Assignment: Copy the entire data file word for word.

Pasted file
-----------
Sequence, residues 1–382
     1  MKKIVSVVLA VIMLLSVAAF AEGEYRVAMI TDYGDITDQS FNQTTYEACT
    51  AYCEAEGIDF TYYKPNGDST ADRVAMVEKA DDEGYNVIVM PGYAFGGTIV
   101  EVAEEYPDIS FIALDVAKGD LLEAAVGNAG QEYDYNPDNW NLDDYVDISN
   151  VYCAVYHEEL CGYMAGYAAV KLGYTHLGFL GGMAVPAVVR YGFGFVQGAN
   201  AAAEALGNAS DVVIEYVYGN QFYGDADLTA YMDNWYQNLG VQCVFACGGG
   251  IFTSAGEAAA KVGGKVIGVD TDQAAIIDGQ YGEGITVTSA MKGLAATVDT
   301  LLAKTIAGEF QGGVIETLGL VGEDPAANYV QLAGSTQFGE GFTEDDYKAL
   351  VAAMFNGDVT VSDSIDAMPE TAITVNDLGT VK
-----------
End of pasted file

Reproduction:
Sequence, residues 1–382
     1  MKKIVSVVLA VIMLLSVAAF AEGEYRVAMI TDYGDITDQS FNQTTYEACT
    51  AYCEAEGIDF TYYKPNGDST ADRVAMVEKA DDEGYNVIVM PGYAFGGTIV
   101  EVAEEYPDIS FIALDVAKGD LLEAAVGNAG QEYDYNPDNW NLDDYVDISN
   151  VYCAVYHEEL CGYMAGYAAV KLGYTHLGFL GGMAVPAVVR YGFGFVQGAN
   201  AAAEALGNAS DVVIEYVYGN QFYGDADLTA YMDNWYQNLG VQCVFACGGG
   251  IFTSAGEAAA KVGGKVIGVD TDQAAIIDGQ YGEGITVTSA MKGLAATVDT
   301  LLAKTIAGEF QGGVIETLGL VGEDPAANYV QLAGSTQFGE GFTEDDYKAL
   351  VAAMFNGDVT VSDSIDAMPE TAITVNDLGT VK